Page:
The health crisis that has gripped the world by storm in 2020 is making everyone and everything reevaluate things that we seemed to take for granted.
Throughout the situation, we’ve been required to adapt to the new realities in a year that has been re-shaped by a highly contagious pandemic. One of the biggest factors affected in the current climate has been sports.
Since the outbreak of the pandemic, leagues around the world and in a variety of codes were closing their operations, suspending their seasons and taking stock of the mess that they now had on their hands.
If someone would have said last year that there would be no AFL played between March and June, you’d rightfully be laughed out of the room. However, the AFL wasn’t the only major sporting league to suffer from a temporary hiatus, with the English Premier League, Italian Serie A, and Spain’s La Liga suffering as well while the Indian Premier League was put on indefinite hold prior to the start of the season due to the pandemic.
In June, AFL became one of the first sports around the world to return to operation with a caveat that there would no longer be an in-house crowd. For the first time in sport’s history, there were no spectators at the ground. Yet, despite the lack of fans football continued as if nothing had changed with impartial crowd noises pumped into the stadiums.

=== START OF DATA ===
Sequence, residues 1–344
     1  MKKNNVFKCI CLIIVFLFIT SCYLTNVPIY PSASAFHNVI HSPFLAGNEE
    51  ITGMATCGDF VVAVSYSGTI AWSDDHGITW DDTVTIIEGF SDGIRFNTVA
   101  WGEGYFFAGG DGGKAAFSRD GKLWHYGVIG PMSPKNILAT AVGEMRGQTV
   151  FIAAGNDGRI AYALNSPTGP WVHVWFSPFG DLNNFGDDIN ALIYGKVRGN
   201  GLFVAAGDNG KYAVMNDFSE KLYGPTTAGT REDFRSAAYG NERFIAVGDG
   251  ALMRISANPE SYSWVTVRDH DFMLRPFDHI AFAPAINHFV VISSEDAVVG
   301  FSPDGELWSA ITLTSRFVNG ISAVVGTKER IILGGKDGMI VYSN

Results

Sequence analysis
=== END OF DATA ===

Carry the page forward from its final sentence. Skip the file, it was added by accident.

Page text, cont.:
This begs the question of in the aftermath of the virus are crowds essential for sports, especially the AFL, to survive?
In 2020, the AFL signed a $730 million deal with Channel Seven to continue broadcasting the sport until 2024. The deal has undoubtedly put pressure on the AFL to provide content for the networks to air. While Channel Seven and Foxtel, the two entities that split coverage of the sport, wouldn’t publicly admit it but having football without crowds plays into their ability to have larger audiences.
The thousands of patrons that would watch the football from the ground now have no choice but to watch it on TV instead.
However, the lack of crowds dulled the game. There is undoubtedly a romantic aspect of being live at the stadiums. Friends travelling to the game together, parents taking their children. Sport is and should continue to be a communal event. While the current climate has shown that even without a crowd, the show can still go on, sports aren’t the same without it.
Hopefully, with audiences returning this weekend we can finally begin the path back to regular crowds at live events again.